One of the murderers, in a short statement, said: “I apologize that women had to witness this today but in our lands, our women have to see the same”. His statement can be easily interpreted in many ways but at first sight, it would seem that he believes that the situation in his country is a justification for his actions in London. This points out the “one sided” nature of Foreign Intervention because developed states have not experienced in their modern histories such events yet they have been involved. Becoming the noble armed actors that fight for the good of the innocents has only created a strong feeling of resentment towards them. They use their military force to impose and dictate standards of living of an alien nature to the populations involved. The armed interventions in Afghanistan, Iraq, Libya and the situation with Syria are proof of how the politics of the “Carrot and Stick” are applied on an international level. However, what governments don’t seem to understand is that sticks generate negative feelings which, directed back at you, can have serious repercussions.

 

The stabbing in France and the decapitation in London which both happened this past week can be considered the result of a long chain of events that culminated in a feeling of general injustice among the people that the International Community was supposed to help. 9/11 seemed to be the first event to show the resentment of populations in poor or developing states towards the rich and powerful. As such, the Interventionist policies have been revised and the question of: “whether or not an intervention is worth the costs” has been gaining more and more popularity among the academics, analysts and politicians. A good example is the conflict in Mali where it was speculated that intervention could worsen the situation. As such, if an intervention increases resentment against a country, should that country proceed to use force or should it struggle to find a diplomatic approach?

Saudi Arabia: The expression of international interests

Saudi Arabia is an independent state located in the Middle East, north of Yemen, bordering the Persian Gulf and the Red Sea. It has a population of 26,534,504 and its oil based industry has ensured a $740.5 billion GDP in 2012. Politically, it is organized as a constitutional monarchy under King Abdullah. The Saudi legal system is based on Islamic (sharia) law and it includes Egyptian and French elements.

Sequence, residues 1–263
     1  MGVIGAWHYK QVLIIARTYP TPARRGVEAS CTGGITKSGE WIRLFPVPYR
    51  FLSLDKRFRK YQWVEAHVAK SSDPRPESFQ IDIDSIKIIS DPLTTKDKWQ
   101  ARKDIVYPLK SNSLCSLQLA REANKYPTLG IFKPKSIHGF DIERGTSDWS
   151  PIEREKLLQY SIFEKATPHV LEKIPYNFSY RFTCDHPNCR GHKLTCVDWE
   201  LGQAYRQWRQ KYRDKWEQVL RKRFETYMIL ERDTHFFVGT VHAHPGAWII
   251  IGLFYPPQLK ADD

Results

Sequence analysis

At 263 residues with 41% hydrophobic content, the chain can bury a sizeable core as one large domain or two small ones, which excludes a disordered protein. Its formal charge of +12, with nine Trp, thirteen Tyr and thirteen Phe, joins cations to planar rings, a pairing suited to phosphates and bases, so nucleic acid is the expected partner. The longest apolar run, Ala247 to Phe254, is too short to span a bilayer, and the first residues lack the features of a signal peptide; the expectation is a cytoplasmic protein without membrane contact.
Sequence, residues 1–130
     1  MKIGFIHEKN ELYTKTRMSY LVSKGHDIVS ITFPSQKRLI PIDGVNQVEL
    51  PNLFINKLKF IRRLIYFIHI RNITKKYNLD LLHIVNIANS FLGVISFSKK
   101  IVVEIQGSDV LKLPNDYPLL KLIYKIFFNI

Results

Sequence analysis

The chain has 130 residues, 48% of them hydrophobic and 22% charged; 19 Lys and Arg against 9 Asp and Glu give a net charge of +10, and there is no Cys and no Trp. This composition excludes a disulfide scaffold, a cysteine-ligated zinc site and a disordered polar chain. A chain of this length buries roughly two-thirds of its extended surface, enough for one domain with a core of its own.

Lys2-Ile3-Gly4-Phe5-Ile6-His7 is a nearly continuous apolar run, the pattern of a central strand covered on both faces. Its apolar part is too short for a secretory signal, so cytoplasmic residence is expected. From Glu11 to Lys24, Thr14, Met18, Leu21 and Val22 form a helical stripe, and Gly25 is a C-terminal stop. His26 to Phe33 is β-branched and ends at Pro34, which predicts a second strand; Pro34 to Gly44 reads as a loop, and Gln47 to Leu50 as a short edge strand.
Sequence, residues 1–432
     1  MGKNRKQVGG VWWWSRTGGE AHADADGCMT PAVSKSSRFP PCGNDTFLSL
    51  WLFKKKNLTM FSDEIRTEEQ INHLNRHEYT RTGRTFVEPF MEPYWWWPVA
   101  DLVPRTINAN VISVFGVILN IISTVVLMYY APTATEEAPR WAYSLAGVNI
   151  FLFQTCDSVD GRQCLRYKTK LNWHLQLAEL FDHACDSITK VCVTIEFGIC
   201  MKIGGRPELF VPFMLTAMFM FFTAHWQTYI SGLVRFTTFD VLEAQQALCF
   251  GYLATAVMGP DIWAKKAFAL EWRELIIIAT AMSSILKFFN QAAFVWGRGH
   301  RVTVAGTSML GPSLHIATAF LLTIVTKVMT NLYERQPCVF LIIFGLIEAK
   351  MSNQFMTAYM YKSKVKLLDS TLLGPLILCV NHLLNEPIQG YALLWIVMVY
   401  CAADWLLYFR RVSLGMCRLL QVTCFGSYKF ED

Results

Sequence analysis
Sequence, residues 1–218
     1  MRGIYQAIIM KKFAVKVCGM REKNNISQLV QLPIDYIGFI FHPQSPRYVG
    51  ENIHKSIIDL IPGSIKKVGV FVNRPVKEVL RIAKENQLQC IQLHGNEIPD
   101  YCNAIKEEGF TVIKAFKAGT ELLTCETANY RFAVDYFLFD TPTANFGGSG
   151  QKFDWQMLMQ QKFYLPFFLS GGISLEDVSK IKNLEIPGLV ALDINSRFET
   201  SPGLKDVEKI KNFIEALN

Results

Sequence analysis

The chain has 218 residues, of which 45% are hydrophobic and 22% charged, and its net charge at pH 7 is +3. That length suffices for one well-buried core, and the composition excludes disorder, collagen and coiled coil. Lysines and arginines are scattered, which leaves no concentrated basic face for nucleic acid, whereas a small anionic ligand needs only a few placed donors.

In the international news, Saudi Arabia makes headlines with its multi-billion dollar oil industry, international investments in other countries and its constant human rights abuses. Only this Tuesday, Saudi Arabia executed five Yemenis under sharia law despite international pressure for reform in the legal system. The UN condemned these executions under the assumption that “they violate international standards because the bodies were left in public” as an example of the severity of the law in this country. This serves as a realistic reminder of the speed at which changes take place in a highly conservative and religious society.

Women are still treated as minors and they are not allowed to travel, study or work without permission from their male guardians. The King did announce that they will enjoy the right to vote in the 2015 municipal elections however, the harsh restrictions continue to cause international debate over whether or not the government will uphold its promise to reform the country. Detainees, including children, commonly face systematic violations of due process and fair trial rights, including arbitrary arrest and torture. Also, authorities leave very little space for public criticism of officials or government policies in the wake of the pro-democracy Arab Spring movements. The Saudi Ministry of Culture adopted policies of heavy censorship regarding printed press and broadcasted media.

This brings into focus the nature of the political class of Saudi Arabia considering the rather hypocritical attitude adopted with regards to Human Rights. The Saudi government openly condemned the H.R. violations in Syria despite its own obvious problems, having arrested a woman for driving.